Don’t tell my friends, though I think they already know, I haven’t been going out much in quite a while. I’ve tried blind dating, barhopping, online socializing, browsing the racks at men’s clothing stores, and more, and frankly I’m getting pretty desperate. That’s why I’m going to the speed dating event at a big hotel downtown tonight. I think there’ll be lots of upscale gentlemen who’re a lot better than the guys I’ve been meeting.
I’ve prepared carefully and am wearing my favorite dress, cut low in front and back, and smell of fine perfume. At the registration desk I pay fifty dollars and, without looking around the ballroom, walk high in heels to the bar and order a screwdriver. I casually take a few sips before turning to scan the room. I think I’m afraid to look at the men so check out the women and see lots of pretty ones as well as some I’m embarrassed for. Maybe some are embarrassed for me, too.
The lady hosting the event, who’d emailed me after I signed some list at a bar, steps on stage, asks us to be seated around the big round tables, and to about a hundred of us says, “You all appear to be in the appropriate age range for tonight, thirty-five to forty-five. Now, ladies will sit in every other chair around these tables and gentlemen will sit in the others. Ladies always talk to the men to their right. You have five minutes to chat. Less time wouldn’t be enough and more would be too much. When I start the music, you have one minute to use the notepads and pens at each place. Please tear off your paper and leave the notepads where they are so each of you always has one. Gentlemen, when the music stops it’s time for you to rotate clockwise to the next seat.”
We seat ourselves in the way indicated, twelve people to a table, and I turn to my right and say, “Oh, hi.”
“Hi, there,” says a plump man bald on top. “I’m Frank.”
“I’m Ellen. This your first time?”
“No, I do this quite a bit.”
“I don’t know what to say.”
“What do you do?” he asked.
“I’m a teacher. And you?”
“I sell electrical supplies, wholesale. What do you teach?”
“I hope your textbooks tell the truth about our country.”
“You mean about slavery and the holocaust that destroyed the Native Americans?”
“I mean about the bravery and ingenuity of European immigrants who’ve built the greatest nation ever.”
“I stress achievements as well as tragedies.”
“There’s too much negativity in our classrooms nowadays.”
I wave my hand at the waitress and say, “A double screwdriver, please.” Then I ask Frank, “How do you know what’s going on in our classrooms?”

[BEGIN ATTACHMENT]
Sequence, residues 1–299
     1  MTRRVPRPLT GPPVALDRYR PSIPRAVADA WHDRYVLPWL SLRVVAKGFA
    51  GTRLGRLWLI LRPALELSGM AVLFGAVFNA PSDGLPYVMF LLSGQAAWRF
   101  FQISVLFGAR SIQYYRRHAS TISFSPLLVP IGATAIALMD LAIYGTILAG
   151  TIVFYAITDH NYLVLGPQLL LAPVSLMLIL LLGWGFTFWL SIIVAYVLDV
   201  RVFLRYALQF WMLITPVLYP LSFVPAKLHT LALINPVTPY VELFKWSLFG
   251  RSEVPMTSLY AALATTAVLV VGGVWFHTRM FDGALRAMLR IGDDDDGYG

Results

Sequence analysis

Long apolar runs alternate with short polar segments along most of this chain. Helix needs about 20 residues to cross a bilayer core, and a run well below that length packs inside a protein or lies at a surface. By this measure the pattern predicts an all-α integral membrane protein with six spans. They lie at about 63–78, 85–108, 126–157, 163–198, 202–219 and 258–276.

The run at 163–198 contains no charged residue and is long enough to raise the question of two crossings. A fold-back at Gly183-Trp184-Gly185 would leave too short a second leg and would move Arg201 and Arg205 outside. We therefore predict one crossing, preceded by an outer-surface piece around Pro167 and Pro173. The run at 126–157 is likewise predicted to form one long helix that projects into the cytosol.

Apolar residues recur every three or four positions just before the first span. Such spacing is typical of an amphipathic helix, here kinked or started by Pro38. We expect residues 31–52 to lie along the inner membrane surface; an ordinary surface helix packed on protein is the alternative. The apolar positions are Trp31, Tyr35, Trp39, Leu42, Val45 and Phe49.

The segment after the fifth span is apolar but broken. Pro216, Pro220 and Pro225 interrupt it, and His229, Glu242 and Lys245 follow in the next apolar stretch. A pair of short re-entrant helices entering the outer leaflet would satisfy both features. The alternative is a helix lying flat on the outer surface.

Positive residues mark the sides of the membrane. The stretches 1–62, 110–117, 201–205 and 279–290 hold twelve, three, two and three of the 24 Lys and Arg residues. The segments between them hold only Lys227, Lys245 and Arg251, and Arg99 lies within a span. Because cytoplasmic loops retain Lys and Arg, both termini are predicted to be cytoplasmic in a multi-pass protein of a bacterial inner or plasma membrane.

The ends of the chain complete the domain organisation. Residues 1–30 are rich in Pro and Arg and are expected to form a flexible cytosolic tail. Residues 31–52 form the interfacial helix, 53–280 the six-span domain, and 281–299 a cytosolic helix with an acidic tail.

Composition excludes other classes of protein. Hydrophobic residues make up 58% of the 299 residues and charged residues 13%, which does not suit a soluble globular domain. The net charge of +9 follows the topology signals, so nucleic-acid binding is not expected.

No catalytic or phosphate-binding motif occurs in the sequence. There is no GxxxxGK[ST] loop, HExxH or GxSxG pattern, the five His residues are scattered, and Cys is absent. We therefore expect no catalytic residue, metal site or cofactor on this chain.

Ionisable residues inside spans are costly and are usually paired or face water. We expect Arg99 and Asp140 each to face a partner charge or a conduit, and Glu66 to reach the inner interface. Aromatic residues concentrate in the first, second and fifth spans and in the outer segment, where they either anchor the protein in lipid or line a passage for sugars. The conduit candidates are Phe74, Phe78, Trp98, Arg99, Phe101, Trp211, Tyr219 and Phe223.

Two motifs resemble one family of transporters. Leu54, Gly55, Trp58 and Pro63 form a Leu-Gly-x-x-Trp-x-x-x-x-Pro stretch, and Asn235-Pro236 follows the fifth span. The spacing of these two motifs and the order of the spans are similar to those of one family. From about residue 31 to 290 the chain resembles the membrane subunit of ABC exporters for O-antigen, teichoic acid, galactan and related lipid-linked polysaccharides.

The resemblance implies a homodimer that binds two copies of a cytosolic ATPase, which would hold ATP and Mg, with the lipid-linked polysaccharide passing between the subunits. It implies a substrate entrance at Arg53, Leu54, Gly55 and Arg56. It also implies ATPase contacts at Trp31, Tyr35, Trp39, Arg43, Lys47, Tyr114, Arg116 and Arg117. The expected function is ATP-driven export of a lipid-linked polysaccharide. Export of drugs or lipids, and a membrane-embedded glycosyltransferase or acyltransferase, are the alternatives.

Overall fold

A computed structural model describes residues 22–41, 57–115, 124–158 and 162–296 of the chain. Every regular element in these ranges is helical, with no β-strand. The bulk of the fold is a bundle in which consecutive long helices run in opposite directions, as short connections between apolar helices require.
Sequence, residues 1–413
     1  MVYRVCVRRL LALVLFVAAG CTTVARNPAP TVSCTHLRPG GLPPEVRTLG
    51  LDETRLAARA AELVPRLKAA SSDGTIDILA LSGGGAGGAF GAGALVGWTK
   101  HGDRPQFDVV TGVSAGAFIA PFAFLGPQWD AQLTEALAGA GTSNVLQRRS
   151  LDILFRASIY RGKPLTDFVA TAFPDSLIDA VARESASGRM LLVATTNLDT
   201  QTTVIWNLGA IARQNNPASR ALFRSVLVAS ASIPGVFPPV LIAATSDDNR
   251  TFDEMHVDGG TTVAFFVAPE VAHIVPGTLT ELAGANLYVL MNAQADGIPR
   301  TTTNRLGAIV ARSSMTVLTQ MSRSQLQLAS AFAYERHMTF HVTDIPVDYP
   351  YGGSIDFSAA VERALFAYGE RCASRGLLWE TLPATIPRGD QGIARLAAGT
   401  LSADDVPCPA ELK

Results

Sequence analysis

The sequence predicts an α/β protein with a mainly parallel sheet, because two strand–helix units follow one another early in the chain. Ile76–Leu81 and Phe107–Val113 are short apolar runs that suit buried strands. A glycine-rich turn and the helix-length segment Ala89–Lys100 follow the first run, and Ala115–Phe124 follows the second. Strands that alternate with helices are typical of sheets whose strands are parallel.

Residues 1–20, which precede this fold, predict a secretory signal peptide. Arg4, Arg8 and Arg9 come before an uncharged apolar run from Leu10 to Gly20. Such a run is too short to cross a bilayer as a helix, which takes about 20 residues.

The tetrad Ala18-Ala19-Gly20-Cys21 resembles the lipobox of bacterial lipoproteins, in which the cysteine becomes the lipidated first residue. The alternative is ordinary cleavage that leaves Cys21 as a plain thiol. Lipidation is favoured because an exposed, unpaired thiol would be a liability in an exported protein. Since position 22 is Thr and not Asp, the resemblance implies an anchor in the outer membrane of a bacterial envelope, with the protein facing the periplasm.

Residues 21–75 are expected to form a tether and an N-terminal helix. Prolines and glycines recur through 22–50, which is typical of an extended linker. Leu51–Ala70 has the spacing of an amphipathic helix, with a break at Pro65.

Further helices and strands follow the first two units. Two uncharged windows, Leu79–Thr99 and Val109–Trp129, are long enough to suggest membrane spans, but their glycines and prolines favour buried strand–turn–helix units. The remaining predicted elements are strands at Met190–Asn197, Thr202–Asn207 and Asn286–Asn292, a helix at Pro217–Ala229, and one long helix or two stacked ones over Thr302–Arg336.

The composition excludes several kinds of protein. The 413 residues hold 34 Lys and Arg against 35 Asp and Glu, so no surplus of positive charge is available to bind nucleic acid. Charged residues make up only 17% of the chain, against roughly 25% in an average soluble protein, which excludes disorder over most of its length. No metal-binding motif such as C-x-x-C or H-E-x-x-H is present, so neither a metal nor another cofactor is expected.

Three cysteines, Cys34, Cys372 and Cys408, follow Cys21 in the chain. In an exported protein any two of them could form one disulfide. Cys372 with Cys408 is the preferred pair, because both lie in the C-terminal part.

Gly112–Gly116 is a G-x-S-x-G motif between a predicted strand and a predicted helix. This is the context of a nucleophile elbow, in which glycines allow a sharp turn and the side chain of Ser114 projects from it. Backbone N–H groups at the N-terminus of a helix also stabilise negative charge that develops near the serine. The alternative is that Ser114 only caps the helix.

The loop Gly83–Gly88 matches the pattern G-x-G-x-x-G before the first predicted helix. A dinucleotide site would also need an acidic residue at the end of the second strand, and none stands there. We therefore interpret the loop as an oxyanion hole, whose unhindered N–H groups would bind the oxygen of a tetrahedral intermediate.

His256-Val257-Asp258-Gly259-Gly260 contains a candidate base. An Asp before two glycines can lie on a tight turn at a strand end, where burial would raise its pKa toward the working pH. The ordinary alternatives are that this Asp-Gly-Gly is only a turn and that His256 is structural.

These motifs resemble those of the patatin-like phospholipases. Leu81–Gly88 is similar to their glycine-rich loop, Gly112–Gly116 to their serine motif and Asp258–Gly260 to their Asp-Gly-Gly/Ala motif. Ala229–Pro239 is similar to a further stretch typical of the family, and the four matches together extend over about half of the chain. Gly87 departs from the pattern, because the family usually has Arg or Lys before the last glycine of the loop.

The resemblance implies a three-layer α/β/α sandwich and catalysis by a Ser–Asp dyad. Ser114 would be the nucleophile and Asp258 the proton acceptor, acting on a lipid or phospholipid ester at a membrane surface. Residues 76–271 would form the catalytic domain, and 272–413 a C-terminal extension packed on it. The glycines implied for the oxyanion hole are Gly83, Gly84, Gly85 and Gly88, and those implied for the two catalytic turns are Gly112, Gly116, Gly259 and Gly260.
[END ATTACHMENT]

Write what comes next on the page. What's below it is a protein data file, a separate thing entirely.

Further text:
“My kids tell me. Too many teachers are liberal.”
“How old are they?”
“Thirteen and fourteen.”
“They sound precocious.”
“I started training their minds early.”
My drink arrives and I take a couple of big sips, and the music starts. “Nice meeting you,” I say.
“Same here. You wanna exchange phone numbers?”
“Oh, sure.” We each tear off a paper and write.”
Frank strokes my shoulder as he heads clockwise to adventure, and a real tall man folds into the vacant chair.
“I bet you played basketball,” I say.
“I don’t like sports or hearing that silly comment for the millionth time.”
“I beg your pardon.”
“It’s all right. Actually, I’m used to it. But I’m unaccustomed to these gatherings. May I ask your name?”
“Ellen. And yours?”
“I’m a history teacher, Paul. How about you?”
“I don’t teach.” He waits, perhaps for me to realize there’s a punch line, before saying, “I program computers.”
“We all need computers.”
“I’m more relaxed with computers than people. I lose my worries online and only run into them again when I log off.”
I down a mouthful of my screwdriver.
“Lots of people spend more free time online than in conversation,” he says.
“I’m afraid so.”
“Talk’s boring compared to the universe of facts and ideas on the internet.”
“Sometimes I spend too much time online, too.”
“I didn’t say I spend too much time.”
“Why did you come here?” I ask.
“I shouldn’t have. I’m leaving.”
He stands and walks away. A few people at the table glance at me. Thank goodness, here’s the music bringing me a fine looking man.
“Gordon,” he says, and shakes my hand.
“I’m Ellen and very pleased to meet you.”
“What happened to your friend?”
“Probably had to rush home for a computer fix.”
“I’m a real estate broker and anxious to get away from my computers.”
“You have more than one.”
“Sure, many in my office, a laptop in my car, a desktop at home. I usually don’t turn on the laptop when I drive to San Francisco or Carmel.”
“You go there a lot?”
“Once or twice a month. I also love Napa, and I fly to L.A. several times a year. Every summer I go to Europe.”
“Usually France one summer and Italy the next, and side trips the month I’m there.”
“You get out of Sacramento much?” he asks.
“Where do you go?”
“All over. Tahoe. Reno. The Bay Area.”
“Haven’t been there since college but I’m planning to go this summer when school’s out. We could rendezvous in Paris.”
Gordon talks more about his glamorous vacations, and I want to shut the music off.
“Here’s my phone number,” I say.
He smiles and writes his on the paper and shakes my hand.
The next guys interrupt my thoughts about Gordon, and I’m relieved when they leave and the guys from the next table arrive and depart and the event ends.
I pick my phone out of my purse and enter Gordon’s name and number and am preparing to press dial when Frank the salesman walks by and says, “Thanks for the wrong number, bitch.”
I don’t bother looking at him. What a goof. I call Gordon and get a place that doesn’t exist.